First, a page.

February 02, 2019


            Popeye: the large forearmed, one-eyed sailor who never met a craft he couldn’t pilot, or a fight he couldn’t win—especially with his trusty can of empowering spinach handy. While there aren’t many familiar with the tenacious sailor, would you believe he was never intended to be a star?

Thimble Theater before Popeye.

            Cartoonist Elzie Crisler Segar, best known as E.C. Segar, debuted the comic strip Thimble Theater for King Features Syndicate on December 19, 1919. The strip’s name alluded to the theatrical style in which its characters would act out various stories and scenarios. The strip starred the thin and lanky Olive Oyl and her boyfriend, Harold Hamgravy (also known as Ham Gravy). Eventually, the strip evolved from its original premise and focused on comedic adventures with Olive and Ham joined by Olive’s brother, Castor, and her parents, Cole and Nana.

Popeye's first appearance.

            The strip wasn’t very popular, attracting a small audience and only appearing in half a dozen newspapers. Things changed on January 17, 1929 when Popeye was introduced into the strip. He was hired by Castor and Ham to crew a ship on their latest adventure to break an island casino owned by a crooked gambler. Popeye was gone after that, but the readers became enamored with the sailor and he was quickly brought back.

A collection of the comic strip.
            As Popeye’s popularity began to grow, so too did that of the strip as more newspapers began running it. Popeye became the star, earning top billing after the strip’s title (the strip would be renamed Popeye in the 1970s). Olive left Ham to become his girlfriend (although a fickle one at that as gags would routinely feature her becoming enamored with other suitors). Ham himself was reduced from a regular character to making occasional appearances. Castor remained, often enlisting Popeye in his get-rich-quick schemes before settling down as a detective and later as a ranch owner.

Popeye's supporting cast.

            Beginning in 1933, Segar began introducing a new supporting cast. Popeye received a foundling baby in the mail that he would adopt and name Swee’Pea; Popeye’s closest associate was J. Wellington Wimpy, a cowardly hamburger-loving moocher who would “gladly pay you Tuesday for a hamburger today”; George W. Geezil, a local cobbler who hated Wimpy with a passion; Eugene the Jeep, a yellow and spotted magical animal from Africa that crossed over from a fourth dimensional world; the Sea Hag, a witch and pirate who served as Popeye’s primary antagonist; Alice the Goon, an Amazonian giantess who originally served as the Sea Hag’s minion but was released from servitude by Popeye and became Swee’Pea’s babysitter; King Blozo, the ruler of Spinachovia where spinach grew in abundance; and Poopdeck Pappy, Popeye’s father who disappeared at sea shortly after Popeye’s birth, amongst others. Segar would also feature crossovers between Thimble and his other strip, Sappo, which featured crazy inventor O.G. Wotasnozzle and his long-suffering landlord John Sappo.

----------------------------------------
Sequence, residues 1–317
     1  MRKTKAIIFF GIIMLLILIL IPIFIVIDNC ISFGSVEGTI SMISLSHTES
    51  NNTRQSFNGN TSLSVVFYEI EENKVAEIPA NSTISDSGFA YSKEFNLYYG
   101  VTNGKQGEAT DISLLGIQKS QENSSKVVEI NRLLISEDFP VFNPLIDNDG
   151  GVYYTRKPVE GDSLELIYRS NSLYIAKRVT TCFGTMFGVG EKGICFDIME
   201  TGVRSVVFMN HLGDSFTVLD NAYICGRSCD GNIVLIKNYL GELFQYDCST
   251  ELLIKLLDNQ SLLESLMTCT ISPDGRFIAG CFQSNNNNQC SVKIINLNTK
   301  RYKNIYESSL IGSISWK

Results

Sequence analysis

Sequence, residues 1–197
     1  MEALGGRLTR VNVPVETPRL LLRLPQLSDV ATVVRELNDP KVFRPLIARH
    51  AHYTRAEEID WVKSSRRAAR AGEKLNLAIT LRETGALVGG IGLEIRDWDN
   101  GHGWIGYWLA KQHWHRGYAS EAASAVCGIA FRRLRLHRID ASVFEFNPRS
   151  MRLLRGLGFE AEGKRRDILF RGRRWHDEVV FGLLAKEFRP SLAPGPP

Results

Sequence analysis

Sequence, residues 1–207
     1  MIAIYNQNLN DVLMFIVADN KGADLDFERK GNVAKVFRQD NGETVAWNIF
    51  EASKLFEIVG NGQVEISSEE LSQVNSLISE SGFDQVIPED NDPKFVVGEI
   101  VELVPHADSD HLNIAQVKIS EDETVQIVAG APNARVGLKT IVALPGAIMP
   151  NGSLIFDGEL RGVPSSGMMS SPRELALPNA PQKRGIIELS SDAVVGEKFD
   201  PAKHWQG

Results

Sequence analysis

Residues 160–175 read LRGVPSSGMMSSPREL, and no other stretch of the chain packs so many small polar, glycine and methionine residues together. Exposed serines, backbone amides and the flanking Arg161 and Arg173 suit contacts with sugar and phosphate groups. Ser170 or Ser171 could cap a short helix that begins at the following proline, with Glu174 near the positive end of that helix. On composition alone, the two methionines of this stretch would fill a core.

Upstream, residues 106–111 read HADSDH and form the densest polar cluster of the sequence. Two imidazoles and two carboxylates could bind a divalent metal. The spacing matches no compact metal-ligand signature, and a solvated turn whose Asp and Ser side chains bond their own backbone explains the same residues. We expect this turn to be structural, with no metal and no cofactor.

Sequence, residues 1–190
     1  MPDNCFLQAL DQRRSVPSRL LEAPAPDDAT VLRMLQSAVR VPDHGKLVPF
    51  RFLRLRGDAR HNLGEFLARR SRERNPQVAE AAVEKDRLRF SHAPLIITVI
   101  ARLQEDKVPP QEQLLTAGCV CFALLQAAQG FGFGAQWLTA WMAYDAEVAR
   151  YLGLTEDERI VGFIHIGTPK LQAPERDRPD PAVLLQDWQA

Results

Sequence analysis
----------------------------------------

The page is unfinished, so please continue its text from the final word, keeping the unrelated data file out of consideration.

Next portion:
Segar's obituary.

            Thimble Theater became one of King Features’ most popular strips, a poll by Fortune magazine indicating it as the second-favorite strip behind Little Orphan Annie. The strip was running in 500 newspapers and a lot of merchandise based on the character was being sold. Segar was earning upwards of $100,000 a year from his creation (over $1.7 billion dollars in today’s money). Unfortunately, Segar died from leukemia and liver disease in 1938. The strip continued under the stewardship of many different artists; notably Bud Sagendorf in 1959, who had been working on the Popeye comic book since 1948.

Promo for Popeye and Betty Boop.

            In 1932, King Features entered into a partnership with Fleischer Studios to translate their Thimble Theater characters into a series of animated shorts. Released by Paramount Pictures, the series would become a staple of the studio for almost 25 years. Popeye made his debut in Popeye the Sailor, a 1933 Betty Boop cartoon. The short introduced the core concept of Popeye’s (William Costello) ongoing rivalry with burly fellow sailor Bluto (William Pennell) over the affections of Olive (Bonnie Poe), which would become a running theme in Popeye productions to come. Bluto was created by Segar as a one-time villain for the strip in 1932, but Fleischer decided he would be the perfect antagonist for their films.